by Steven Warner Film Streaming Scene

Bad Trip | Kitao Sakurai

Credit: Netflix

Bad Trip fulfills its minimum obligation to produce a baseline number of laughs, and does very little else.


Bad Trip is yet another casualty of COVID-19’s continuing battle with theatrical releases. Originally set to debut in April of 2020, the film was ultimately picked up by Netflix, a fitting end for something that feels like nothing more than an extended episode of star Eric Andre’s titular Adult Swim sketch show. Adopting a mode similar to films like Borat and Bad Grandpa and TV shows like Impractical Jokers, Bad Trip is one of those hidden camera prank films held together by the loosest of narrative threads, in this case the tale of best buddies Chris (Andre) and Bud (Lil Rel Howery) making an adventure-filled road trip from Florida to New York so Chris can profess his love to high school crush Maria (Michaela Conlin). Hot on their trail is Bud’s sister, Trina (Tiffany Haddish), an escaped convict desperate to get her beloved car back, a bright pink Crown Victoria with the words “Bad Bitch” emblazoned on its back window.

What sets Bad Trip apart from its counterparts, then, is the fact that the entire narrative is situated in the real world, with 99% of the events playing out to crowds of people completely unaware that a feature-length movie is being made before their eyes. This particular wrinkle may not sound all that novel, but it’s easy to forget that even something like Bruno is nothing more than a series of set pieces strung together by voice-over narration and scripted scenes with its principal stars. Bad Trip takes things one step further by enacting even its throwaway moments —a visit to a gas station for snacks or Andre asking for love advice from passersby — in front of unsuspecting strangers and seeing what types of reactions they can conjure. This commitment to the conceit makes for a viewing experience that is far more compelling than it would be otherwise, even if the results don’t consistently muster hilarity. And though the film certainly has its fair share of big comedic set pieces, from Andre getting sexually assaulted by a gorilla to Haddish stealing a cop car in front of horrified onlookers, it’s the smaller moments that actually tend to produce bigger laughs, such as a woman praying to Jesus as Haddish holds Andre over the ledge of a tall building or a restaurant patron stirring up drama between the film’s stars simply to watch the fireworks fly.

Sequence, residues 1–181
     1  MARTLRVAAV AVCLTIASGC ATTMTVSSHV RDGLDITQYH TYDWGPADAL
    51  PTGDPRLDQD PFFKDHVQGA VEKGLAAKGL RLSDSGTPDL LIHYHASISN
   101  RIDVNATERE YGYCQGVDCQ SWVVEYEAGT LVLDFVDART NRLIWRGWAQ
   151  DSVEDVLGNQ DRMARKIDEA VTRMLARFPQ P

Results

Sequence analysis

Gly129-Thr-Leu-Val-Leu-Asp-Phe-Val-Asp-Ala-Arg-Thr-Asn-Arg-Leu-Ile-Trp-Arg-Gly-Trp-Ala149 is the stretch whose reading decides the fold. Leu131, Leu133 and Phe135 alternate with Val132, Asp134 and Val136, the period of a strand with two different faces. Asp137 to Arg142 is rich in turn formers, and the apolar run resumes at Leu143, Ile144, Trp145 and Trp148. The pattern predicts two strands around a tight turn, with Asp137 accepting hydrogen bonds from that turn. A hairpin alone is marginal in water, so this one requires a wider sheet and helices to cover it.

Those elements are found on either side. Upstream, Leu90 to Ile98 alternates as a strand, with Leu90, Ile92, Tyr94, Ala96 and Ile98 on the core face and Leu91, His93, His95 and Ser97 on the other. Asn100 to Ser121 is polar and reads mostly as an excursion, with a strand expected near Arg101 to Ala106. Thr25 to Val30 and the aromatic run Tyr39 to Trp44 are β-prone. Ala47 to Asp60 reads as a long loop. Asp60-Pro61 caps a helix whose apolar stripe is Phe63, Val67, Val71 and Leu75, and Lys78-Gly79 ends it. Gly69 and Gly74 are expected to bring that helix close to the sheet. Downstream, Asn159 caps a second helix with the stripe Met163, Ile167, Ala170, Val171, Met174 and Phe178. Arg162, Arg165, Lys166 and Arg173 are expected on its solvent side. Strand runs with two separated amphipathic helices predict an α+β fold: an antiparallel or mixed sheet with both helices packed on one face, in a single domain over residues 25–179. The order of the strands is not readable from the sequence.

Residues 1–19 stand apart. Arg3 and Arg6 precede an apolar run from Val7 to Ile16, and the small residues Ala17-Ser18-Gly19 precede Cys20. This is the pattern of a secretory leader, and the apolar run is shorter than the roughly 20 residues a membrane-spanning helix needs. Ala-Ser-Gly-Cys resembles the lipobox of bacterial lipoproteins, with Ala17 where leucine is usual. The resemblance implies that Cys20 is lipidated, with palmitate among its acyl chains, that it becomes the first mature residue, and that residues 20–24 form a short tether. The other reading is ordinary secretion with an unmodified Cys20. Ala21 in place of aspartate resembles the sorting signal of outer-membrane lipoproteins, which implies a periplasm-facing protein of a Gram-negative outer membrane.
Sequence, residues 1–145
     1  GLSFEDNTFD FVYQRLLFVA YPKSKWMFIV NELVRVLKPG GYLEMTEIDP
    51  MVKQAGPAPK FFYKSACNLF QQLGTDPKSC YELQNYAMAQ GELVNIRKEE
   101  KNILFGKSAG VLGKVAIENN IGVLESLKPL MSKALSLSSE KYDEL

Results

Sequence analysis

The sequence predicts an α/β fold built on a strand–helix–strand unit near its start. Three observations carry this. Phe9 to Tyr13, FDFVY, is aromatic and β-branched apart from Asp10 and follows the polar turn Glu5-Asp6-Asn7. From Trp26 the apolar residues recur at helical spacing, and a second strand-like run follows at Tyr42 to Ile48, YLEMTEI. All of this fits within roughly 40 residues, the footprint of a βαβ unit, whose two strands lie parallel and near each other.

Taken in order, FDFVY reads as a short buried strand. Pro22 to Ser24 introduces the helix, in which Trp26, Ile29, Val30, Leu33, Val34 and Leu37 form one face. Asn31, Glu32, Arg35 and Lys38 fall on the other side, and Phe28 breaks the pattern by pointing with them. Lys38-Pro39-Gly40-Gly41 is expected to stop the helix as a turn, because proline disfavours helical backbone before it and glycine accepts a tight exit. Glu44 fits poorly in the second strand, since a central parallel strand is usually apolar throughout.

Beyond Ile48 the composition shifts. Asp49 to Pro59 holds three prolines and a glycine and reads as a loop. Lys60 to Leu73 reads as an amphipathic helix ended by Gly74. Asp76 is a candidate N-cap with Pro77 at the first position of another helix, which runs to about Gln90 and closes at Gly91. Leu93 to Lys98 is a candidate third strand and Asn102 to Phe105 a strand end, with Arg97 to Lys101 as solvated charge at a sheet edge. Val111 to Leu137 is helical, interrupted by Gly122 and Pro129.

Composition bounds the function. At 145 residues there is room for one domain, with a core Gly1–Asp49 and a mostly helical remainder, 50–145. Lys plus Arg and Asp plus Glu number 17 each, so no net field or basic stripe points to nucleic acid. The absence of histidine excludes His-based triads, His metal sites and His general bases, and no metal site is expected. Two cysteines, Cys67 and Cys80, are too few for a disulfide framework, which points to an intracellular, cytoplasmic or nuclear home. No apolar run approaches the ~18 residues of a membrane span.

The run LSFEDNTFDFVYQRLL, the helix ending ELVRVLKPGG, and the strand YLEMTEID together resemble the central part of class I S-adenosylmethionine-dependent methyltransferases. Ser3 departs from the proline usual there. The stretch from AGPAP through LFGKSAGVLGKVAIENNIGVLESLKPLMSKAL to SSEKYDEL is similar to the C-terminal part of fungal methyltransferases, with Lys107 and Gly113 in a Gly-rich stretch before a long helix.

For his part, Andre is a charismatic performer, infinitely likeable, with the punchline more often than not directed solely at him, keeping the proceedings surprisingly free of any mean-spiritedness. Howery makes for a fine straight man to Andre’s outsized shenanigans, although he really isn’t given all that much to do. The same goes for Haddish, who seems strangely hemmed-in by this real-life game of improv. Ultimately, though, all that matters with a movie like Bad Trip is if it delivers on the comedy front, and in that regard, the film provides a fair amount of guffaws, with a few laugh-out-loud moments littered throughout. Director Kitao Sakurai pretty much just points the camera and gets out of the way, resulting in a movie with no discernible style and more than a few missed opportunities. But if all you’re looking for is a comedy where a choreographed dance number plays out in a shopping mall food court while befuddled spectators look on with mouths agape, then Bad Trip gets the job done. Still, it’s hard to believe anyone ever thought this would be worth a $15 movie ticket.

You can stream Kitao Sakurai’s Bad Trip on Netflix beginning on March 26.

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